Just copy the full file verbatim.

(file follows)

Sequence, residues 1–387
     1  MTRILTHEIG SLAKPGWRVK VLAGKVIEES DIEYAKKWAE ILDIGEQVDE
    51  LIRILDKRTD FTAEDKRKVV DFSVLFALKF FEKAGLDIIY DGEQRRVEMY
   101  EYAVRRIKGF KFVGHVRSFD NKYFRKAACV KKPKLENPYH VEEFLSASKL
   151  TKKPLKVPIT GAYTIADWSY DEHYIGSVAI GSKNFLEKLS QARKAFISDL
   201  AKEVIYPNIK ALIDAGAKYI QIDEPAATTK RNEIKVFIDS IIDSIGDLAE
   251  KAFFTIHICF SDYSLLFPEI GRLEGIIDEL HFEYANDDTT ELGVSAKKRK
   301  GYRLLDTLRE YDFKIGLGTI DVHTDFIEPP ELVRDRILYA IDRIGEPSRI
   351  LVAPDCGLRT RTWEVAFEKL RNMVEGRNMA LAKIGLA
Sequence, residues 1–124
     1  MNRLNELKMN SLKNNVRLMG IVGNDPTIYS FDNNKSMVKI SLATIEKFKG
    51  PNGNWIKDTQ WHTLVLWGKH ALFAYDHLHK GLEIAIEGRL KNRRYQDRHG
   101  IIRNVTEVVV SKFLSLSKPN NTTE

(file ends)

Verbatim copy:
Sequence, residues 1–387
     1  MTRILTHEIG SLAKPGWRVK VLAGKVIEES DIEYAKKWAE ILDIGEQVDE
    51  LIRILDKRTD FTAEDKRKVV DFSVLFALKF FEKAGLDIIY DGEQRRVEMY
   101  EYAVRRIKGF KFVGHVRSFD NKYFRKAACV KKPKLENPYH VEEFLSASKL
   151  TKKPLKVPIT GAYTIADWSY DEHYIGSVAI GSKNFLEKLS QARKAFISDL
   201  AKEVIYPNIK ALIDAGAKYI QIDEPAATTK RNEIKVFIDS IIDSIGDLAE
   251  KAFFTIHICF SDYSLLFPEI GRLEGIIDEL HFEYANDDTT ELGVSAKKRK
   301  GYRLLDTLRE YDFKIGLGTI DVHTDFIEPP ELVRDRILYA IDRIGEPSRI
   351  LVAPDCGLRT RTWEVAFEKL RNMVEGRNMA LAKIGLA
Sequence, residues 1–124
     1  MNRLNELKMN SLKNNVRLMG IVGNDPTIYS FDNNKSMVKI SLATIEKFKG
    51  PNGNWIKDTQ WHTLVLWGKH ALFAYDHLHK GLEIAIEGRL KNRRYQDRHG
   101  IIRNVTEVVV SKFLSLSKPN NTTE